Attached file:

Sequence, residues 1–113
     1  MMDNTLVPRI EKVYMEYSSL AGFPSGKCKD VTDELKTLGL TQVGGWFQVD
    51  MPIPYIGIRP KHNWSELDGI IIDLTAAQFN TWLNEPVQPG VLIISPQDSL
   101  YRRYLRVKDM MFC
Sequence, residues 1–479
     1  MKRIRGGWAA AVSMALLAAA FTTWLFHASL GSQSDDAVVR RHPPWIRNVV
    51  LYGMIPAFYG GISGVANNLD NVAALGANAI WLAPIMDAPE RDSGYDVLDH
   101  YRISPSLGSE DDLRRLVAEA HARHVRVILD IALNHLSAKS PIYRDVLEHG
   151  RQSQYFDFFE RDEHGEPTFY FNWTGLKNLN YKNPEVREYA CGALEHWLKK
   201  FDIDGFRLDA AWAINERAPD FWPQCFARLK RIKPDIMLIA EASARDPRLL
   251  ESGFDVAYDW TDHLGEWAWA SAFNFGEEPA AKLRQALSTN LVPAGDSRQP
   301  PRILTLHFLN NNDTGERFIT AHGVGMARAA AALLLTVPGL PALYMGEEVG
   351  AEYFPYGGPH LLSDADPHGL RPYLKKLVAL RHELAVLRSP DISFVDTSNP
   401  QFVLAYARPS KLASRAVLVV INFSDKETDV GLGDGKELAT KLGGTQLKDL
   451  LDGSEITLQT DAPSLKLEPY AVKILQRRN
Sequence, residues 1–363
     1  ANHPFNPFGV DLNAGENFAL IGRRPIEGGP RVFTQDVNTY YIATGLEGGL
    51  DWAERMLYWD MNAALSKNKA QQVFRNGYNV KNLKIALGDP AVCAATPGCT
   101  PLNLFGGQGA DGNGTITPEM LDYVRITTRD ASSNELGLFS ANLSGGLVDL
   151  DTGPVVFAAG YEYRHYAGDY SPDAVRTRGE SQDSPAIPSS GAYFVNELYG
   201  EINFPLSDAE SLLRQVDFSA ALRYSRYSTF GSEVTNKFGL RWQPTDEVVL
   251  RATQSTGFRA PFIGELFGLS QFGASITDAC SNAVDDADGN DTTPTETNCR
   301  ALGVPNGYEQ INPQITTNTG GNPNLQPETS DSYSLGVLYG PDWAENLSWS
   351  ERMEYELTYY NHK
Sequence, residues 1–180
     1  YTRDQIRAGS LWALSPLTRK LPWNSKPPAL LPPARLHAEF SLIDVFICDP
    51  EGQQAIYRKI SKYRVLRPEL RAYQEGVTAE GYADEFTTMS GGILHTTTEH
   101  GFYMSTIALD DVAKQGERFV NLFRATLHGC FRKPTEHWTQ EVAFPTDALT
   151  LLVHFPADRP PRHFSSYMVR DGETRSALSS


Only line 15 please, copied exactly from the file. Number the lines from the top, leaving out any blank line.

   451  LDGSEITLQT DAPSLKLEPY AVKILQRRN